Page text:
• We'll have great seats at the wedding and will see a show unlike anything we can put on here outside of Hollywood. Big church, lots of people, real jewels...shiny stuff. Lots and lots of shiny stuff. And small reminders that England was a Kingdom long before the letter "J" appeared in the English alphabet... Actually, that family is older than the current alphabet. How's that for history?
  • And one final stab at yet another reason we Americans like royal weddings: We don't have to second guess anything. Liking him or her or the Queen isn't political for us. We can, if we choose, just sit back and watch the show without fear of having to defend ourselves to someone from a different political party.
 Now that I've put all that out there, I'll confess this much: I probably won't watch the wedding for longer than 15 minutes, if that. I'd like to see her walk up the aisle just so I can catch a glimpse in digital television, of the church and the jewels, and the bright shiny stuff. Then I'll flip to something else and watch that. 

Wednesday, April 27, 2011

I haven't been quiet, you just couldn't hear me cuss!

My 1998 Compaq Presario finally gave up the ghost. Dead, man. Kicked da bucket. Sure, please, laugh! After I flamed out my 2002 eMachine (in 2010, long after that beast should have been exiled to the dump), I didn't have the cash to go out and buy a new machine. Could have come up with the cash, but my eyes fell on the old machine gathering dust in my wife's den. That little phrase that has gotten men all over the world in buckets o' trouble for many a generation came whispering into my head.
    You can fix it, Dave. It just needs some new hardware and a software update or two and you're good to go.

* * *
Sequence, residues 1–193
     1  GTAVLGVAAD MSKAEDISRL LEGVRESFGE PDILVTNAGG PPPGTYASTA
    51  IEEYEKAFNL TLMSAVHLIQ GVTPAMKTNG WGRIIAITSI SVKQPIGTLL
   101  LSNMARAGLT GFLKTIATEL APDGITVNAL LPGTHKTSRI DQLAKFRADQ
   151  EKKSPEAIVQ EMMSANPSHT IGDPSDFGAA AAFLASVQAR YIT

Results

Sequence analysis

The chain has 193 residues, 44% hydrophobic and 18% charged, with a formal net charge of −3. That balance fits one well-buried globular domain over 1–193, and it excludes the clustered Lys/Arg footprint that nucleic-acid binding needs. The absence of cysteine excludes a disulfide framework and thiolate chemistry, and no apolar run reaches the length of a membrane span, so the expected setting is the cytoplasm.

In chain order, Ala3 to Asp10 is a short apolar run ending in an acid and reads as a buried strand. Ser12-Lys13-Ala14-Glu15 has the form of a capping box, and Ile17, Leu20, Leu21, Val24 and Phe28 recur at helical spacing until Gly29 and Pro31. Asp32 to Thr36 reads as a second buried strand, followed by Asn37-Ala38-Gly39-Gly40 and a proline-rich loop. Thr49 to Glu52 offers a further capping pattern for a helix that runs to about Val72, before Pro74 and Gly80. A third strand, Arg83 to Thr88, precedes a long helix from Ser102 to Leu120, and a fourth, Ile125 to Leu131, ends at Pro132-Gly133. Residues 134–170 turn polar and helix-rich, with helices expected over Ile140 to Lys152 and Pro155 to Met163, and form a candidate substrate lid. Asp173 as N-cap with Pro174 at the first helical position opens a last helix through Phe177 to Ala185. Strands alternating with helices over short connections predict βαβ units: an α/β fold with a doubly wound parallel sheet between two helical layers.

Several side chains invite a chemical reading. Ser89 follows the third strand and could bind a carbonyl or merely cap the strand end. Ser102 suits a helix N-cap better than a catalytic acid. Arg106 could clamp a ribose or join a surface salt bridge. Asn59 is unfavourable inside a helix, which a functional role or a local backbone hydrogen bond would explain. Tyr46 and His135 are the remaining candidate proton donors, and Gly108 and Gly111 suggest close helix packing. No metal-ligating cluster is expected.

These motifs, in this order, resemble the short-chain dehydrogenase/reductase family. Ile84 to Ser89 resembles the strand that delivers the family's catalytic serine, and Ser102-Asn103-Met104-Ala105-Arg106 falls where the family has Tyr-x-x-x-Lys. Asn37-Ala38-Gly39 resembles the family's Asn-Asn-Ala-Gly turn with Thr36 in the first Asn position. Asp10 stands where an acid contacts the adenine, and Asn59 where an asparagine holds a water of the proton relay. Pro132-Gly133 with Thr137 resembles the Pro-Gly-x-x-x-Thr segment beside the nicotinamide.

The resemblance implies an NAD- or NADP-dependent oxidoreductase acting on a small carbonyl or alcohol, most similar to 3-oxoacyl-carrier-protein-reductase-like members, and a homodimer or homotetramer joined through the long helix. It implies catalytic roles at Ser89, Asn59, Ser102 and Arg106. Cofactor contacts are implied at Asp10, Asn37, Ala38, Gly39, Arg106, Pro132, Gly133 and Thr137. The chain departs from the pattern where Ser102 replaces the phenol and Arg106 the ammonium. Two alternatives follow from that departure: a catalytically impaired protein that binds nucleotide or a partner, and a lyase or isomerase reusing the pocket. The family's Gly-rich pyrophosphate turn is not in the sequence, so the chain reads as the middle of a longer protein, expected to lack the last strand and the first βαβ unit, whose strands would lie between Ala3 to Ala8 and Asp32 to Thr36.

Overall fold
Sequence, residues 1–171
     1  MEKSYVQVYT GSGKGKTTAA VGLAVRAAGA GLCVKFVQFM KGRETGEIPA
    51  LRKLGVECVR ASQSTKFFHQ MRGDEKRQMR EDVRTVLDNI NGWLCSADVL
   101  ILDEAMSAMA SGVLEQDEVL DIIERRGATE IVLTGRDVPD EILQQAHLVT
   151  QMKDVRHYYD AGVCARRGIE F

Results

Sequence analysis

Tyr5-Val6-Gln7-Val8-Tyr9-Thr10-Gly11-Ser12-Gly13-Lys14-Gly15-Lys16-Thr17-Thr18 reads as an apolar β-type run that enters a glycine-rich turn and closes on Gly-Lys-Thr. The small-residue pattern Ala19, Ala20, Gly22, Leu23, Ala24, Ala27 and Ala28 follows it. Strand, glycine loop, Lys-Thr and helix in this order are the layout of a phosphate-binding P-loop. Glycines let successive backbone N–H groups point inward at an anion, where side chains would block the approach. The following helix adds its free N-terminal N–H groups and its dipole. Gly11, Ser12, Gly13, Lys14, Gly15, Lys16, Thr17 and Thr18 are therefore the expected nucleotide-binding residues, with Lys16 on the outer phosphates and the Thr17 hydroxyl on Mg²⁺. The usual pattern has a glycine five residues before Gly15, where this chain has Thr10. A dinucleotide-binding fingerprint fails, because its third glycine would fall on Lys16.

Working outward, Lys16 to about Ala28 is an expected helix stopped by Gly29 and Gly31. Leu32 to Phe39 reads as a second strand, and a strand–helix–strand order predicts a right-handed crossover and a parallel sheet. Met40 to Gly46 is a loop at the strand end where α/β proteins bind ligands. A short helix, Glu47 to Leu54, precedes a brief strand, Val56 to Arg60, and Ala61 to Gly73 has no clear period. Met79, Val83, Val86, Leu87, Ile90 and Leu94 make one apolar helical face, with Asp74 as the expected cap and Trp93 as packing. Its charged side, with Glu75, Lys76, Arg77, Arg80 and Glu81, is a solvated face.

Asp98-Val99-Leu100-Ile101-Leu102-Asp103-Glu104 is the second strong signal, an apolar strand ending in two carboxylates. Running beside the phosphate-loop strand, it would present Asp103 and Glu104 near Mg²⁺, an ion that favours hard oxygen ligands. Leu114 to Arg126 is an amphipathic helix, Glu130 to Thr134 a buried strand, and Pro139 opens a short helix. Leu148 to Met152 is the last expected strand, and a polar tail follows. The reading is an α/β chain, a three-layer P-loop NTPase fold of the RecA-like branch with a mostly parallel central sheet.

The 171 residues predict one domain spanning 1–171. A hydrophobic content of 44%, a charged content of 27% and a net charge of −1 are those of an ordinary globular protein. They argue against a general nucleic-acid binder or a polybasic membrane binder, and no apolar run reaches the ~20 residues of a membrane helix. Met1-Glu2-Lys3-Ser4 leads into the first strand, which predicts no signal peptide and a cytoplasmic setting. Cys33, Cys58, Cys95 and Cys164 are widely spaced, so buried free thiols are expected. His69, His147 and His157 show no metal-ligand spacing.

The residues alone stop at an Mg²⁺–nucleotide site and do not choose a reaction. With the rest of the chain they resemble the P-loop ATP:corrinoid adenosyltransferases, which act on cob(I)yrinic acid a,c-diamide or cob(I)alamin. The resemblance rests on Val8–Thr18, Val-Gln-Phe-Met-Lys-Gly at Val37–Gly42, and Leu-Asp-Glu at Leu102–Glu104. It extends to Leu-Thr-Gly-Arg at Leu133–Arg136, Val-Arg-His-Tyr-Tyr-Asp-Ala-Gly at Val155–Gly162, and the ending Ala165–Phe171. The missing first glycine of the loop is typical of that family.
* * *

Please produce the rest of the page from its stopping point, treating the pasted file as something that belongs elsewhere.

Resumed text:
That voice, as is so often the case in the heads of men...was full of shit. I knew it. My wife knew it. One out of two of our cats knew it.
   We also knew that I had heard the voice and that I was compelled to obey.
   So I popped the lid off the old Compaq and wandered down to the local computer shop--the kind with a few shelves of new hardware like hard drives, and power supplies, and other miscellanea that is foreign to the Best Buy crowd.
   The Voice told me to buy some used RAM (otherwise known as "memory" to smarter people than me). So I bought some RAM. Went home and stuffed it in the old case and told myself I was smart. Then I bought a new hard drive. The old one held 1 Gigabyte. Hey (laugh again if you're of a mind to) One Gigabyte was HUGE in 1998. The new drive (purchased used) was 40 gigabytes. Wow! What a dude! (That was THE VOICE AGAIN.)
   I'll spare you the drive for drivers, the wrenching pounding of the internet for drivers that would make my salvaged DVD drive from the eMachine from Hell work on the Compaq From Yesteryear.
   I got it working. I did! I was proud of my old machine. I was running a version of Windows 1998 never dreamed of by those (now) old guys who created that vintage version of Windows.
   I have to say it was a success. I wrote 6 books on that old Compaq. Designed 12 book covers (paperback and dust-jacketed hardcover) on that old Windows 98 Compaq. It took a long time to do that on that old machine.
   Well... Sorry to say, the lifespan of that old Compaq was reached. It's gravestone (I'll bury the case with honor in the backyard some dark night) will say:
Here lies Old Compaq,
May he Rest in Pieces

And now to the next adventure--one I'm proud to say (finally) is a success. It was a lunatic's mission, guided by THE VOICE.
   Again deciding not to use credit to buy a new machine, I went about building a new computer. Bear in mind a couple of points about me:
  • My verbal skills are quite high and my mechanical skills are quite low. Screwdrivers are almost beyond my skill. Believe it. I'm not kidding.
  • I have no formal computer training. Well...there was a class I took in 1981 that involved saving data on a tape recorder, but I think that doesn't count anymore. And I got computers merit badge in 1978...
  • I was willing, and it's a good thing, to take my time and buy the hardware one piece at a time, used, from guys in polo shirts buttoned all the way to the top.